The figure of the devadasi, or ‘temple-woman’, who entertained Hindu gods at festivals, hardly needs an introduction. Because of her supposed sexual availability, the devadasi became a potent and notorious symbol of the corruption of Hindu society.
This is a relatively short book by Britain's leading historian of sexuality, but it has a big agenda. Drawing on a wide range of primary and secondary sources, Lesley Hall discusses the shifts, the continuities and the changes in sexual custom and practice that prevailed between 1880 and the present day.
This book is an excellent contribution to our historical understanding of London, of gender and of labour markets.
This title will doubtless be welcomed by those who offer undergraduate classes on the history of the family.
The small states and independent cities of the old German Reich have left many archival treasure-troves behind; traditionally these had been studied in a curiously restrictive fashion, with the emphasis on institutional and legal history.
The New Woman in Fiction and Fact marks a new departure in literary and historical studies of a fin-de-siècle icon. Scholarship on the New Woman has traditionally explored her status as a controversial figure whose unconventional behaviour signified, for some, the promise and for others, the bane of modern civilisation.
Dan Healey's study of same-sex love in revolutionary Russia is an impressively argued, well documented examination of one of the most 'obscure' 'blank spots' in Russian history. A radical revision of the 'myth of a universal, natural, and timeless Russian or Soviet heterosexuality' (p.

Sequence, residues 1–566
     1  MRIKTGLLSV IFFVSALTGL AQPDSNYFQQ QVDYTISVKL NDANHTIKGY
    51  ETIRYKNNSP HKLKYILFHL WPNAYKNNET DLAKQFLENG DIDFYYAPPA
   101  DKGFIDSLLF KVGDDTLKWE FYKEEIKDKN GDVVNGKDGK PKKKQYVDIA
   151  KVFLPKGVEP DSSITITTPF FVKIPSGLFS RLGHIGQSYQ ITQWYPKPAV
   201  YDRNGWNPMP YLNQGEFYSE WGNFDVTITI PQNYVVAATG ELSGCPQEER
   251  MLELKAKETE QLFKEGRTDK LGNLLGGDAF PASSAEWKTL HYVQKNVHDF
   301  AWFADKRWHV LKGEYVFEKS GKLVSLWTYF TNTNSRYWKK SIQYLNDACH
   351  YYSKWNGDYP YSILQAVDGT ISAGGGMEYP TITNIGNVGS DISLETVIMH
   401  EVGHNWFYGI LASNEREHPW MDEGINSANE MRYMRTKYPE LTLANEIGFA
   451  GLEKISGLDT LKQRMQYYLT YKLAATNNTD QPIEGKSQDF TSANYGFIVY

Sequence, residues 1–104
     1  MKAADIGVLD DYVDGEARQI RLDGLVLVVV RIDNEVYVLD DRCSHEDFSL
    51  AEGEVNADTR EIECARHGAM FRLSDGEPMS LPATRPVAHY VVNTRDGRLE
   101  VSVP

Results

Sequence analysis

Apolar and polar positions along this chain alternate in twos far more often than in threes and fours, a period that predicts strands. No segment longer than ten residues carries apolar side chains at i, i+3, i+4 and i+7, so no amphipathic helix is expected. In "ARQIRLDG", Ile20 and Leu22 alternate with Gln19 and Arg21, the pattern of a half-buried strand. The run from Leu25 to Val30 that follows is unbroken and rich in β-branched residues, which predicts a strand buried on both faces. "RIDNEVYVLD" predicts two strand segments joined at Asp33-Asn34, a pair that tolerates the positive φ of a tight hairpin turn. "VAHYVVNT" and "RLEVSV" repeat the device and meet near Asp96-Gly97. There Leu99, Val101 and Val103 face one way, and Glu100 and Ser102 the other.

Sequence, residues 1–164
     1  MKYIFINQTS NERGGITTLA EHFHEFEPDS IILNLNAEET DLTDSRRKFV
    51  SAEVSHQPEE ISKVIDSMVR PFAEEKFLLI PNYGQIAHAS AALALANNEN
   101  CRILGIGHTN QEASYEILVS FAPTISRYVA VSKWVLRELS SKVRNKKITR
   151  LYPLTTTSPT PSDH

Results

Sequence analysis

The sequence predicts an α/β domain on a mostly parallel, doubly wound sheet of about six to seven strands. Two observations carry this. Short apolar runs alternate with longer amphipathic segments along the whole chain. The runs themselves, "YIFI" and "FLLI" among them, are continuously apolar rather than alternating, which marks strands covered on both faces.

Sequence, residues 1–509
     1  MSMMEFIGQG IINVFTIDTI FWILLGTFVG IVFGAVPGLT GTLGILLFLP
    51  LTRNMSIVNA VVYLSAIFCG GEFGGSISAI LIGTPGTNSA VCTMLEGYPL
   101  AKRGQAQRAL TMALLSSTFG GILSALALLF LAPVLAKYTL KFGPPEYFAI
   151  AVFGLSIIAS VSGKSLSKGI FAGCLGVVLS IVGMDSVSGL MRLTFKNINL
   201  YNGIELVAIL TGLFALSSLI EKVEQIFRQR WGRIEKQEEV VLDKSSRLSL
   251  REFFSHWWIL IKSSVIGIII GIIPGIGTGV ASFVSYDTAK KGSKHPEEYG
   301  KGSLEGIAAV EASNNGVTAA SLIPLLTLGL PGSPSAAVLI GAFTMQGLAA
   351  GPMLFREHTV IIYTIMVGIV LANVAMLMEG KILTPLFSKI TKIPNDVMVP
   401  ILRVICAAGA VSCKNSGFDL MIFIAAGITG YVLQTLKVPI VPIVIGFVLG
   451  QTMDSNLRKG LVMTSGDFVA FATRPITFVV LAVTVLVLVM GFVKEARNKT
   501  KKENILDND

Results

The articulation of a national network of elementary schools in England and Wales after 1870 and legislation to compel attendance at these schools from 1880 created marvellous opportunities for publishers. School authorities were major purchasers and the children in their schools a captive audience.
Pornography used to be regarded as ephemeral, trivial and unimportant. Insofar as it had a history, it was as one aspect of the long battle for, and ultimate triumph of, free speech. Histories of literary censorship and legal obscenity by writers like H.
As the first densely researched and vividly argued social history of Soviet women workers in the 1930s, Goldman’s monograph fills a long-standing gap in the existing historiography. Until the early 1990s, due to the lack of access to archives in the former Soviet Union, researchers were completely dependent on published sources, such as journals, newspapers, memoirs, and monographs.